For Denver's Brian Griese, it was a separated shoulder and 10 stitches on the chin. For Seattle's Jon Kitna and Brock Huard, it was matching concussions. And for New Orleans' Jeff Blake, it was a broken foot and an early season exit.
When quarterbacks play against the Oakland Raiders, they usually leave with painful reminders. The knockout kings of the NFL, the Raiders have put eight quarterbacks out of games this season.
The Ravens players really don't want to talk about it. The coaches would prefer not to address it.
But when the Ravens' offensive linemen had their meeting yesterday, assistant coach Jim Colletto made them aware of Oakland's infamous hit list.
"Basically, he's telling us that he wants us to be firmer on the line and make sure nobody touches the quarterback," right guard Mike Flynn said. "It's natural if you're a quarterback and you get hit a few times not to stand in there the next time. He basically wants us to keep those guys off the quarterback. It's just an emphasis this week."
The Ravens, though, didn't exactly have the best comeback upon hearing Oakland's reputation for roughing up quarterbacks.
"I've heard about it," left tackle Jonathan Ogden said. "I've made the comment that our quarterback has been knocked out twice in the last two games. It's not a very good thing going in. But we plan on trying to keep him in the whole game this time."
Actually, Ravens quarterback Trent Dilfer has been forced to the sideline three times in the past three games but returned soon afterward. Still, he has strained his left wrist, suffered a mild concussion and injured his ribs in consecutive weeks.
The Ravens' protection has been hit-or-miss recently. In the two playoff wins, they have allowed five sacks in 35 drop-backs.
"At times, it's been real good. At times, it's been shaky," Colletto said. "Sometimes, it's been an individual guy getting whipped by an individual player. Sometimes, it's a breakdown of the actual execution of a particular play and the linemen don't have anything to do with that. So it's a combination of things."
After watching tape of the Raiders, the Ravens are preparing for a power struggle, not a chess match. Oakland relies on shoving its opponents, not schemes.
The Raiders use their bulky defensive tackles, Darrell Russell and Grady Jackson, to penetrate the middle and their agile ends, Regan Upshaw and Tony Bryant, to attack off the edges.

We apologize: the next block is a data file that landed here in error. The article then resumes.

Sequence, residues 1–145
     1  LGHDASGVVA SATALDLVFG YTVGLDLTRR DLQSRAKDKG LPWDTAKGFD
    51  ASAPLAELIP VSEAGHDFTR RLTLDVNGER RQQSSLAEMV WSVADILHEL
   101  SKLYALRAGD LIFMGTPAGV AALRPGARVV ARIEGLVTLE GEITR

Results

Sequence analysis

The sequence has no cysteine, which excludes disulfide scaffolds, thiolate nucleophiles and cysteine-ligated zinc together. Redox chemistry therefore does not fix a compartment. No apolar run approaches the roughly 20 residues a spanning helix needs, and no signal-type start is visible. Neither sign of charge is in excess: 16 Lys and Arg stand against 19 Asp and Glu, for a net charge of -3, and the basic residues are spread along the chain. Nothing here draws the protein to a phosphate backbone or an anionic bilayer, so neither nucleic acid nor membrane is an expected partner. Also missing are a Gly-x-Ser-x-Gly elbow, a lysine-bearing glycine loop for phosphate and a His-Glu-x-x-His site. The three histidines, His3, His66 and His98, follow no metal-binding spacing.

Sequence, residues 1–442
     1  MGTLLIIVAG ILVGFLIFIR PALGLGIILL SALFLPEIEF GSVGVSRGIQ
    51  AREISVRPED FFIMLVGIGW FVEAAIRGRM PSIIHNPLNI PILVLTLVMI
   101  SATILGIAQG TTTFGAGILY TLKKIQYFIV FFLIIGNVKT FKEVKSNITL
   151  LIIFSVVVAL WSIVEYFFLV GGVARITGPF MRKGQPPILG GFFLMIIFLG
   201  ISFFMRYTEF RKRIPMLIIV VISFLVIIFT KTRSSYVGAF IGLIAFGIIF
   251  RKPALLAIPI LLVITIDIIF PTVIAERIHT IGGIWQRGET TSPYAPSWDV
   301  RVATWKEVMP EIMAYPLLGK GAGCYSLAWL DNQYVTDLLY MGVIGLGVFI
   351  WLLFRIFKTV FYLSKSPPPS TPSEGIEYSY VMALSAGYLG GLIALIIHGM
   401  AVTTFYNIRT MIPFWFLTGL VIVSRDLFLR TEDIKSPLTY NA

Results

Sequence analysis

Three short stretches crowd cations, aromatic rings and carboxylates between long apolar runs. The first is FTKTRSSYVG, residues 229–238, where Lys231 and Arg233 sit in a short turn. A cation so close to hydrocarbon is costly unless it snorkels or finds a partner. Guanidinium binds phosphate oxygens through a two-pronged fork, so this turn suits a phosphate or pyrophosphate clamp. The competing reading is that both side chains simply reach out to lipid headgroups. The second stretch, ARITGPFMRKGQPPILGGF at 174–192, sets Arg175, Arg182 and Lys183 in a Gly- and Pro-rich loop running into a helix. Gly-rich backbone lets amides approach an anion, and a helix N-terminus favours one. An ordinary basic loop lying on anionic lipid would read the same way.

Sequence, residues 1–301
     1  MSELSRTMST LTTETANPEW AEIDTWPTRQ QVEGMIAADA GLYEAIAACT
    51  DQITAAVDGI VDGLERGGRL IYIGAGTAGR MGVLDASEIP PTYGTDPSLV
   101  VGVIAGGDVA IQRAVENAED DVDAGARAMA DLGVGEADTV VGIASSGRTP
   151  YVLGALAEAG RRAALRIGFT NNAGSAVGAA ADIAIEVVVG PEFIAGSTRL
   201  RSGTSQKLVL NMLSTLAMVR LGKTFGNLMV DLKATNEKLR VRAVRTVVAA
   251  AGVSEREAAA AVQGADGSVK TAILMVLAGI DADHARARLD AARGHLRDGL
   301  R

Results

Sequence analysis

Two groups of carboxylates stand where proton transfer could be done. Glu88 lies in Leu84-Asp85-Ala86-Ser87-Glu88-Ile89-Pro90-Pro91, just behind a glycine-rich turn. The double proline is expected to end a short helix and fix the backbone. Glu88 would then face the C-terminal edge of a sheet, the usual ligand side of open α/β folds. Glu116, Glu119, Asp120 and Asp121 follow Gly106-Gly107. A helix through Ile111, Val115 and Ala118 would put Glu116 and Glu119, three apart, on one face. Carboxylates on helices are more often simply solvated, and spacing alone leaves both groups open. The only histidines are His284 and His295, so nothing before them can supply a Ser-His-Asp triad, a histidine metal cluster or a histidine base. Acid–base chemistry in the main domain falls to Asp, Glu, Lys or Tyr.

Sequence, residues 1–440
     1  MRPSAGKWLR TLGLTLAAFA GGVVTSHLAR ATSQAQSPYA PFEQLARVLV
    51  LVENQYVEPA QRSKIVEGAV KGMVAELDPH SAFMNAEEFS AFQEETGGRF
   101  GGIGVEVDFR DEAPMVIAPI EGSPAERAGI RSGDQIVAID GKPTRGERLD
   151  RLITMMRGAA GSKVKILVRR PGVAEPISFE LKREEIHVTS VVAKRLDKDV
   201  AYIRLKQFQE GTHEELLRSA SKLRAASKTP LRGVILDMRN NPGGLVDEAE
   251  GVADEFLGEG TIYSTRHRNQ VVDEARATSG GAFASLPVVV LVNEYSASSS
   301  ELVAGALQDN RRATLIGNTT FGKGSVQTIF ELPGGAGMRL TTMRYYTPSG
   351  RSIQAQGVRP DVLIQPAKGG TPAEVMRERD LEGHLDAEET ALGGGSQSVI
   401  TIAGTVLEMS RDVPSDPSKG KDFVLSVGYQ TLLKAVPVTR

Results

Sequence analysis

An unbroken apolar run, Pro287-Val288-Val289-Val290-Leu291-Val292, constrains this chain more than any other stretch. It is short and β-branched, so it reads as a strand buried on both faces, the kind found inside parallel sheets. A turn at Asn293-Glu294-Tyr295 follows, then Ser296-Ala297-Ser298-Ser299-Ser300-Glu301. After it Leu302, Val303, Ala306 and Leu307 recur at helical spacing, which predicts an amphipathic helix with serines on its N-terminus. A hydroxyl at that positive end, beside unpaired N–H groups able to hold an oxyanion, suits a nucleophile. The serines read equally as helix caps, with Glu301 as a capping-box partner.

That line has racked up 35 of the team's 43 sacks. In the regular season, the Raiders knocked down quarterbacks 140 times.
"Are they the best front seven we've faced all year? No," Ogden said. "But they are a damned good front seven, and they are a team you have to be concerned about. I think Tennessee's whole front seven was better, but I still think we're going to be in for a battle. That's the honest assessment."
The Ravens' tackles, Ogden and Harry Swayne, could find themselves isolated against Oakland's ends. On the inside, the Ravens have to put their energy toward handling Jackson and Russell, a 650-pound combination.
Jackson will line up over Ravens center Jeff Mitchell, freeing up Russell to line up on the outside shoulder of either Flynn on the right side or left guard Edwin Mulitalo, who missed yesterday's practice with nausea.
Although Russell has only three sacks, he led the Raiders with 30 knockdowns.
"We don't want Trent to get hit," Mitchell said. "If [Oakland is] particularly proficient at it, yeah, then it is a concern. We're going to try to keep them off him."
Besides fighting the pass rush, the Ravens' offensive line has to create a push on running plays. The league's fifth-best running attack in the regular season, the Ravens have averaged 2.8 yards per carry in the playoffs.
"I think we'll have a chance to run the ball," Flynn said. "It'll be up to us to move those guys around a little bit."
The Ravens have to provide running back Jamal Lewis with room and Dilfer with time. The linemen are their biggest shield from becoming another notch to Oakland's reputation.
If they struggle, the Ravens could return cross-country with some painful reminders.
"Games are won or lost up front," Ogden said. "When we get those 100-yard games, it's because we're controlling them. That's the key. Whoever controls the line of scrimmage wins the game."
Ravens (14-4) at Oakland Raiders (13-4)
Where: Network Associates Coliseum, Oakland, Calif.
When: Sunday, 4 p.m.
TV/Radio: Chs. 13, 9/ WJFK (1300 AM), WLIF (101.9 FM)
Line: Raiders by 6
Weather forecast: Partly cloudy. High 55 to 60.
A special section previewing the AFC championship game.
For live updates and additional coverage, go to http://www.sunspot.net/sports/ravens